Province to speed up vaccination of Ontario’s most vulnerable

Province to ramp up vaccination of long-term care home residents

With the UK variant of COVID-19 blamed for a deadly outbreak at Roberta Place long-term care in Barrie, the province said Monday it is going to ramp up efforts to vaccinate all residents of long-term care facilities in Ontario 10 days sooner than planned.

The government has been left scrambling because of delivery delays from Pfizer, which is retooling its European plant. Ontario received no new doses from Pfizer this week and only 26,000 doses of the vaccine will be available the week of Feb. 1. Another 80,000 doses of the Moderna vaccine are expected to arrive the same day.

The province says it needs to take a strategic approach to administering the vaccine, with a focus on the most vulnerable groups in Ontario.

This pivot means other groups who were to be vaccinated will have to wait as all eyes are now on getting jabs into residents of long-term care homes as well as high-risk retirement and First Nation elder care home residents.

“Due to the delay in the next shipment of Pfizer vaccine doses, we are ensuring all available supplies are redirected to those who need them most: our residents in long-term care and retirement homes,” said Premier Ford at a media briefing on Monday afternoon. “I know this will mean that some people may have to reschedule their vaccine appointments, but it is critical that our most vulnerable seniors receive the protection they need as soon as possible.”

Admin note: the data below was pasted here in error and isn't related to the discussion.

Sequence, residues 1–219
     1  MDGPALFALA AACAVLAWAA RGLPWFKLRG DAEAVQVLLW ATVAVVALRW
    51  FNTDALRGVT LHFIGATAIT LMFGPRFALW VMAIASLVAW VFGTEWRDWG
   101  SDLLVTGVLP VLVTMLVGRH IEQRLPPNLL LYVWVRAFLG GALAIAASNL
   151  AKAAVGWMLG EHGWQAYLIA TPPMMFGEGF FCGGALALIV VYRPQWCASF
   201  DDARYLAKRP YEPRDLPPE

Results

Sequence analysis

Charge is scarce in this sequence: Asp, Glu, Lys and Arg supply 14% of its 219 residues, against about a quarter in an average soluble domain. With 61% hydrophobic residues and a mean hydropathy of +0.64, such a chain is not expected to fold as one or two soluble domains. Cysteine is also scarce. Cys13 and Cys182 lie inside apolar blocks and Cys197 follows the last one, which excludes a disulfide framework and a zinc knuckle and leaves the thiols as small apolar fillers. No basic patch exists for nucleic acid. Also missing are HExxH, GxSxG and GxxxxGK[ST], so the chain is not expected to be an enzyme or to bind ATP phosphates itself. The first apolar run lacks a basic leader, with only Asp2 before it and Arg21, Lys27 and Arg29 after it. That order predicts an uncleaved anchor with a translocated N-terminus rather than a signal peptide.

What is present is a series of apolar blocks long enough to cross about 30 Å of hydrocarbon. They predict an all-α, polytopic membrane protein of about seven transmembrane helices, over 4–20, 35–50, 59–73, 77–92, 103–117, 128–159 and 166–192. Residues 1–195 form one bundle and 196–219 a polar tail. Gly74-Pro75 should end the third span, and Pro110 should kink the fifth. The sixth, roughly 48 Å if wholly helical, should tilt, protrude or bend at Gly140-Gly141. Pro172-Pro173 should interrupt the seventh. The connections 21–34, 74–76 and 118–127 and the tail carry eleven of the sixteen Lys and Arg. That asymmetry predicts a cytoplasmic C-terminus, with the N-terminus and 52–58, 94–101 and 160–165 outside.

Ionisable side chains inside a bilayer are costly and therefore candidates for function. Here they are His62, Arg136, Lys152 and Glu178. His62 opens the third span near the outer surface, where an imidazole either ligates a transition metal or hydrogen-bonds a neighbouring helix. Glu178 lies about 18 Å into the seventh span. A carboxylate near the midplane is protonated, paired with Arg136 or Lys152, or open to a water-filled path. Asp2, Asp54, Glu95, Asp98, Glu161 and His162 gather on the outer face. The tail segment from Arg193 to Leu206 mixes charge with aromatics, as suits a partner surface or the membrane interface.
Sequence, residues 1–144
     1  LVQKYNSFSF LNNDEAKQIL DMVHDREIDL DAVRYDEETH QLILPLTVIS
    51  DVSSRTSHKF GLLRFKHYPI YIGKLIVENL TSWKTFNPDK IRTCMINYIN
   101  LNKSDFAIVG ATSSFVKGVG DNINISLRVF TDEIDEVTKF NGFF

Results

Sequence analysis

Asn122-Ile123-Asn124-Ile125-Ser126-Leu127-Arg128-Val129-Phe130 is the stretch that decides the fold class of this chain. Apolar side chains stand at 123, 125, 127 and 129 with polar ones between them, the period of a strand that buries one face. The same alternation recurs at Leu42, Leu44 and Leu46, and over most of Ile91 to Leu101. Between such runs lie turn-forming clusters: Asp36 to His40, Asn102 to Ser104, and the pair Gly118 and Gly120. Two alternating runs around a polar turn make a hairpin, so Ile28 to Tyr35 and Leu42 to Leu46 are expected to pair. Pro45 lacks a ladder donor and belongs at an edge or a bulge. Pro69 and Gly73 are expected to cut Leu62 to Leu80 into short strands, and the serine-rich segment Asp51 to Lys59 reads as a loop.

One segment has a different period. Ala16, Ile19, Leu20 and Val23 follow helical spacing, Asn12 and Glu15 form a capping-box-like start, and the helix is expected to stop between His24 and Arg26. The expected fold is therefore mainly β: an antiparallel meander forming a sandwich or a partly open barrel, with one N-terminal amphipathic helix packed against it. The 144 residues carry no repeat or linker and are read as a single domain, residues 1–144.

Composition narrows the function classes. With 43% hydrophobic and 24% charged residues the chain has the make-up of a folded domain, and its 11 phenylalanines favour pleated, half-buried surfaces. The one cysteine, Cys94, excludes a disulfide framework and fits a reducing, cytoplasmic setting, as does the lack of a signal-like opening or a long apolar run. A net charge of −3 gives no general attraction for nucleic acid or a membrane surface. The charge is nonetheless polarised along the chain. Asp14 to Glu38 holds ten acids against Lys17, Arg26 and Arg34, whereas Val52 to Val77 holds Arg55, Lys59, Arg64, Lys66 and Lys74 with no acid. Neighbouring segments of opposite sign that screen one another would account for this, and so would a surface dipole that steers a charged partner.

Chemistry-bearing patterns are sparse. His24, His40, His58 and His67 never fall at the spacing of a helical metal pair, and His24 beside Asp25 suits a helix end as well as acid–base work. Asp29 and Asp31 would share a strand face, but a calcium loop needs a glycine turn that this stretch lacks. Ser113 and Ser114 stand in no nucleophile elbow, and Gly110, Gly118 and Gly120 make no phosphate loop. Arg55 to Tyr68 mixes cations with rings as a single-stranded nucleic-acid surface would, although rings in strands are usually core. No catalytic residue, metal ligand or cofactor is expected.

The province’s vaccine task force had planned to provide the first doses of the vaccine to vulnerable groups by Feb. 15 but officials say the goal now is to have the job completed 10 days sooner than planned.

The province said the second doses of the Pfizer vaccine could be pushed back six weeks, with the exception of retirement home and long-term care residents.

To date, a COVID-19 vaccine has been made available to 50,000 long-term care workers and another 50,000 workers have yet to receive their first doses. Once more vaccines become available, the province says, vaccination of workers and essential caregivers in those vulnerable settings will continue.